Kieran Kelly’s ‘One for the Road’ – a literary pub crawl like no other

By Paddy Walsh

PUB quiz question: Where did John Doherty open a bar in Letterkenny in the late 1830’s?

And, for a bonus point (pint?), name his great, great, great-grandson who currently runs it?


Two questions that are fully answered in Kieran Kelly’s book ‘One for the Road’ which is to be launched next Wednesday (June 19) in the Regional Cultural Centre – a 200 year history that raises a glass to the memories of the numerous public houses that have, and continue to, occupy a special place in the commercial life of the town.

“What is a pub?,” the author asks when it’s put to him what the criteria is for inclusion in a publication of this nature.

One particular premises on the Main Street has the answer at least as far as it’s concerned. “Just a Pub”, Blake’s Bar advises its customers and passers-by on the sign above the door.

Back in the 1800s when John Doherty moved from his birthplace in Legnahoory to Letterkenny, he opened his bar on Upper Main Street.

Now run by Kevin Blake – that great, great, great-grandson – it is, according to ‘One for the Road’, officially the oldest pub in the town of Letterkenny that has remained constantly in the same family.

Family played a part in Kieran’s decision to come up with this publication in the first place. It was during lockdown that the initial idea sprang into life as he put together a fifty-page word document for his father, Hugh, relating to pubs in the town.

“It was something for dad to read to help while away the time when he was, like the rest of us, confined to home. And I thought he’s going to love this now and I asked him, what do you think, and he went “ah, it was alright, grand.”


The Swilly Bar and Restaurant (The Cottage Bar today)

Not quite the response Kieran had envisaged. But subsequently in August 2021, there was a return to the pubs and Hugh was there with a few others and they were having the craic and the banter and the singing.

“It was the most alive I’d seen him in a long time – back to himself after two years sitting at home. And it got to me.

“You can have a glass of whiskey or a can of lager in the house but it’s not the alcohol, it’s the place and the people you’re in there with and I got it then.

“My fifty-page thing was all facts and figures. It wasn’t showing what a pub is and the people involved, the proprietors and the customers.

“And I know if dad was here now, he’d thoroughly love this book. I had got it why he didn’t like the original but he’d be sitting there now reading about each of the pubs, The Hill and the rest of them and looking at the photographs throughout the book.”

And this is a work that contains numerous faces and places between the covers of its 374 pages. Images of publicans and patrons from over the decades – from the past to the present, a proverbial gallery that will, like the text, ignite memories and anecdotes among the readers.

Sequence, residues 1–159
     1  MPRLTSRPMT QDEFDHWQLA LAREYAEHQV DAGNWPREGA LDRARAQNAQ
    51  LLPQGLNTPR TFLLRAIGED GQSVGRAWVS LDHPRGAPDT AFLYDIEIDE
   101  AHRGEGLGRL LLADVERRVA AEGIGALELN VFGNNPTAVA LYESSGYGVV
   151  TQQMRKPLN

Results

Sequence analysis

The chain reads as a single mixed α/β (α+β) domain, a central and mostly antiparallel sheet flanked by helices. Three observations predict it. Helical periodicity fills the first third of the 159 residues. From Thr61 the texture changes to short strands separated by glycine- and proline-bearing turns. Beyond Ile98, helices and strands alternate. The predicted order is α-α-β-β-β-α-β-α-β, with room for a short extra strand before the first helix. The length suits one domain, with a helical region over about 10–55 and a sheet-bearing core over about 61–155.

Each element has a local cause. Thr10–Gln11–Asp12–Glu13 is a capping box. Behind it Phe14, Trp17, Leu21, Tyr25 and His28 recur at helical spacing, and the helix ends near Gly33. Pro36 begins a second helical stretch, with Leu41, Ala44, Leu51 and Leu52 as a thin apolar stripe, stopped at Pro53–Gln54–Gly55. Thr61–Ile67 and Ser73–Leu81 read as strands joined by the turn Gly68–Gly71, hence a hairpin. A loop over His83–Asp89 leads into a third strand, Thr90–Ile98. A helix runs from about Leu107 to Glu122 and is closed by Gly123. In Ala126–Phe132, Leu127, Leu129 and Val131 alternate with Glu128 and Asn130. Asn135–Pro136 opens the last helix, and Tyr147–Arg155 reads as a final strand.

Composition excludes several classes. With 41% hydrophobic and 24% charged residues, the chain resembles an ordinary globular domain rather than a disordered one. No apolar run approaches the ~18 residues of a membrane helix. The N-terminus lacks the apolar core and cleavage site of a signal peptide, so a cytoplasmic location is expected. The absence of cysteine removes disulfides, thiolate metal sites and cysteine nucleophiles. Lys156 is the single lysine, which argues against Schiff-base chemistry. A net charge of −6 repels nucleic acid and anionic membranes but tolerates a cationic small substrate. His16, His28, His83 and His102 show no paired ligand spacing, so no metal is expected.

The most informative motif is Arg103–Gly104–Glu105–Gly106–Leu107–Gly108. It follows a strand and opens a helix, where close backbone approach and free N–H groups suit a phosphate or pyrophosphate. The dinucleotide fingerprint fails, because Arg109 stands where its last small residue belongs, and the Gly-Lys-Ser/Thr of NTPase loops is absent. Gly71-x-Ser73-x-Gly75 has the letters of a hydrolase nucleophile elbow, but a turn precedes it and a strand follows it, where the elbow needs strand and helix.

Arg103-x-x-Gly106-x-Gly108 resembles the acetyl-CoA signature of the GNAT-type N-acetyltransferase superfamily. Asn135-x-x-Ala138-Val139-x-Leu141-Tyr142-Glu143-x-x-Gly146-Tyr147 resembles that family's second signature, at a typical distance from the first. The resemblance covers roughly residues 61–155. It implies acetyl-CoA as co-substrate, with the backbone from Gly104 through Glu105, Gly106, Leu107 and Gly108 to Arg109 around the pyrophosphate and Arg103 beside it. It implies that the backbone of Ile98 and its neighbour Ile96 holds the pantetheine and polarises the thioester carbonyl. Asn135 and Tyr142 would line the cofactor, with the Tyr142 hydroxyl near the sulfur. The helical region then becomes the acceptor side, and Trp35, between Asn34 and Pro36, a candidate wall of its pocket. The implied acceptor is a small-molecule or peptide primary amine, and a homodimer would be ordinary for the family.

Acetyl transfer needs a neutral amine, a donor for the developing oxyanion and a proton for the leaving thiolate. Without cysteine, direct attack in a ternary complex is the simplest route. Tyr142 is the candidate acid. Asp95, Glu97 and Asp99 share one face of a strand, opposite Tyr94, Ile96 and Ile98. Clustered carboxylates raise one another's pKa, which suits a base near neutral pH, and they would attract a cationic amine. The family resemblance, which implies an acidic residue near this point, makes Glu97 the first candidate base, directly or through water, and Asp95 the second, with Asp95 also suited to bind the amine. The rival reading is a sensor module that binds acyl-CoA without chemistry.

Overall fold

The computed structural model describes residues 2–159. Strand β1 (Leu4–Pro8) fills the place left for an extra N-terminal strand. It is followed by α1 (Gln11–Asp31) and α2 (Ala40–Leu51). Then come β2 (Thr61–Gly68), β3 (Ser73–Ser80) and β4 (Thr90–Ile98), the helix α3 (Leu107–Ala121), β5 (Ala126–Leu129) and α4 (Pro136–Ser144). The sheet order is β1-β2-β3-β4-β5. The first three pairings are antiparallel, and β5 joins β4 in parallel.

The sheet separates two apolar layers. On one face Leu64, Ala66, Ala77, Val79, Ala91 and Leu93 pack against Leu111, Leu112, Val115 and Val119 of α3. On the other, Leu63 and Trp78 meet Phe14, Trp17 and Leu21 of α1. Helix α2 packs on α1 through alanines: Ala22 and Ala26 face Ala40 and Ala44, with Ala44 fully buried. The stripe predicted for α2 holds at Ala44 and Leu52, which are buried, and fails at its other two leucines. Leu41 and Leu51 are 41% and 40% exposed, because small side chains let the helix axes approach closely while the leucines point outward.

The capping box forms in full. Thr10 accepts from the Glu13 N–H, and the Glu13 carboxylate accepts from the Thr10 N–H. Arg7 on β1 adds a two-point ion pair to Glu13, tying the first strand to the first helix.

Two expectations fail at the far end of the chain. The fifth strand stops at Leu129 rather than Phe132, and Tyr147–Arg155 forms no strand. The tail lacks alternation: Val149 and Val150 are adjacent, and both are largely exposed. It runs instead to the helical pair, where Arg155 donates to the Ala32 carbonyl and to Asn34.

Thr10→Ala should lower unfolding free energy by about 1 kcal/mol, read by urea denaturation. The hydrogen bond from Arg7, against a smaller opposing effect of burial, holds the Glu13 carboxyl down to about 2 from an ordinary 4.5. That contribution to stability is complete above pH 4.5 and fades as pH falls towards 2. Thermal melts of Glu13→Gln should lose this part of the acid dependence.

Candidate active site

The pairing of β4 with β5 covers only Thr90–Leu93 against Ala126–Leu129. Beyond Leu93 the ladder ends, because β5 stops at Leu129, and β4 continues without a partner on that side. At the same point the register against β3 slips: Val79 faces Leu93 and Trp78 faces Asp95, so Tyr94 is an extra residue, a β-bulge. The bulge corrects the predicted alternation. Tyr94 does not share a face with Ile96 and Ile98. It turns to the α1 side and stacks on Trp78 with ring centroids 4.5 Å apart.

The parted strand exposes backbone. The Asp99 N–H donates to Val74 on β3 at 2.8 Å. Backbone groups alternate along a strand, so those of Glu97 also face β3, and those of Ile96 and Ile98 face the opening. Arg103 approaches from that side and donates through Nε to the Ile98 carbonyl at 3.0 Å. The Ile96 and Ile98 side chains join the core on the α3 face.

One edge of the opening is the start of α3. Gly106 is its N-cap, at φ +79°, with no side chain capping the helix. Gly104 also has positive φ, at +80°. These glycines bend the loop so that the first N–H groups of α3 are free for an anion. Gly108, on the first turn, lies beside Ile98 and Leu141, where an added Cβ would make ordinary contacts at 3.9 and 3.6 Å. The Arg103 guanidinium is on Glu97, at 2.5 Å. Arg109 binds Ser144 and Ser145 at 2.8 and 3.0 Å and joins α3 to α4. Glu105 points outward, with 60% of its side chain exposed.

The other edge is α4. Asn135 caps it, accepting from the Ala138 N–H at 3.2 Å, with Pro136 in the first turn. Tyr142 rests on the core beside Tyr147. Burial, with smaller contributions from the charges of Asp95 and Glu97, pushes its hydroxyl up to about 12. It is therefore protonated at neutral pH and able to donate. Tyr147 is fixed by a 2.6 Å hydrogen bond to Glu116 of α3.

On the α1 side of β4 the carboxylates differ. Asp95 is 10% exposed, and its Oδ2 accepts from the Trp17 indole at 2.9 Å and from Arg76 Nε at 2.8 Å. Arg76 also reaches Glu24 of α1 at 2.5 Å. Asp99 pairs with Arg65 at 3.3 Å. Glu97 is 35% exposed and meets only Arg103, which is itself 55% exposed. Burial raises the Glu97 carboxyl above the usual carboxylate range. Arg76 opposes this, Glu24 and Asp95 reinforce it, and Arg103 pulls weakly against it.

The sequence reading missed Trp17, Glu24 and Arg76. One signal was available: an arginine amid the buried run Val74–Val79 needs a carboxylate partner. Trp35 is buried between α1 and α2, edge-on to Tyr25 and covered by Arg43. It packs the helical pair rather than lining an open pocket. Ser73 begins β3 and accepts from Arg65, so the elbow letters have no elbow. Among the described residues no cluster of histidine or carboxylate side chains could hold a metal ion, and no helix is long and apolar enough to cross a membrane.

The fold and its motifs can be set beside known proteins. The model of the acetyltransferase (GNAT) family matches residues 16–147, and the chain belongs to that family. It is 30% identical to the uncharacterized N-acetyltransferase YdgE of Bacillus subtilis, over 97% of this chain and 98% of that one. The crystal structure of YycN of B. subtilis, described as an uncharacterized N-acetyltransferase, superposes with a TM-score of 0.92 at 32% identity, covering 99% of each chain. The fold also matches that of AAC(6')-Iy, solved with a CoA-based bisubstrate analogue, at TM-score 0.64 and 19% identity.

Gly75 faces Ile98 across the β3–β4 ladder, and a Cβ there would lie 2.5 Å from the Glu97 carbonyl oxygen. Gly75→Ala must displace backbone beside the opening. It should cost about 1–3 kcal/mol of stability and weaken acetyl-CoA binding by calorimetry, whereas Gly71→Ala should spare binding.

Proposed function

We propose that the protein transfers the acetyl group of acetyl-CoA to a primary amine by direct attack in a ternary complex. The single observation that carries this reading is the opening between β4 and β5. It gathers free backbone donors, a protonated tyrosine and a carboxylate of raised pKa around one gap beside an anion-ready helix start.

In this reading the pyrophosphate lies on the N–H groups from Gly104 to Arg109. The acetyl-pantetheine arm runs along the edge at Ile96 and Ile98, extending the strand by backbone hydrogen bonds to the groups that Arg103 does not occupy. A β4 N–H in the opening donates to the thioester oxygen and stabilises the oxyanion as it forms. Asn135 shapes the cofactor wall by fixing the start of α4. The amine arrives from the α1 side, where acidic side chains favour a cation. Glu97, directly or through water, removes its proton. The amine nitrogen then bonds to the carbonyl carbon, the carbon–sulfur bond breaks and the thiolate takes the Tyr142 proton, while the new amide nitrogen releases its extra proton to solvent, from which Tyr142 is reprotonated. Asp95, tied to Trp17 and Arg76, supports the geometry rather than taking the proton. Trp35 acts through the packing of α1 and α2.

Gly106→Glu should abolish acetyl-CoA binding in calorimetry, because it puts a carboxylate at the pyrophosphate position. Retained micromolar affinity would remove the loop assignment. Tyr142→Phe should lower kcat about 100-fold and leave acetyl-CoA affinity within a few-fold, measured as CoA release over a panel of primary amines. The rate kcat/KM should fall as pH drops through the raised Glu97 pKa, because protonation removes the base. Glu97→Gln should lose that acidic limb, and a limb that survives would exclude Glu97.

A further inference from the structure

Old photos retrieved from attics and family albums and presented to Kieran to be used to help relate the story of the characters and personalities who peopled these premises.

The pub trade in Letterkenny wasn’t without its tragedies as the author reveals. In December 1944 a fire at Rodden’s bar claimed the lives of Kitty Rodden and a maid, Winnie Martin.

“Three other people, John Rodden, her brother, Mary Devine and Delia Higgins, both nieces, were rescued from the blaze by jumping from the first-floor window, about eight feet from the ground.”

Delia Higgins would ultimately take over the running of the pub for 20 years after a complete rebuild before her passing in 1963, aged 58.
But this is a book to celebrate the two centuries of pub life in and around Letterkenny.

In his introduction to the book, Kieran stresses from the very beginning that there is more to the Irish pub than alcohol. “Sadly, many families have been devastated by the effects of addiction and alcoholism over the years, and therefore it must be stated from the outset that this book is not a celebration of the consumption of alcohol. Rather it is a celebration of the institution of the local public house, specifically in the town of Letterkenny, especially remembering the people who ran them and to preserve their names in historical record.”

The pub, Kieran points out, is not just a place to drink. “It is a meeting spot, a place to socialise, to gossip, to catch up with the latest news, to sing and dance and simply to enjoy each other’s company.”

And to laugh and banter and engage in sporting and political debates – the high stools, as is well known, the real seats of power!

Kieran, who has, not surprisingly, dedicated the book to his father, Hugh, who passed away two years ago, acknowledges so many who contributed in whatever way to the publication and is keen to mention in particular, Stevie Toye of Logopix, who designed the cover.

“He’s a legend and I’m very grateful to him and to all who helped make this possible.”

‘One for the Road’ will be launched at the RCC on Wednesday night next at 7pm.

Truly, a literary pub crawl but without the hangover…!

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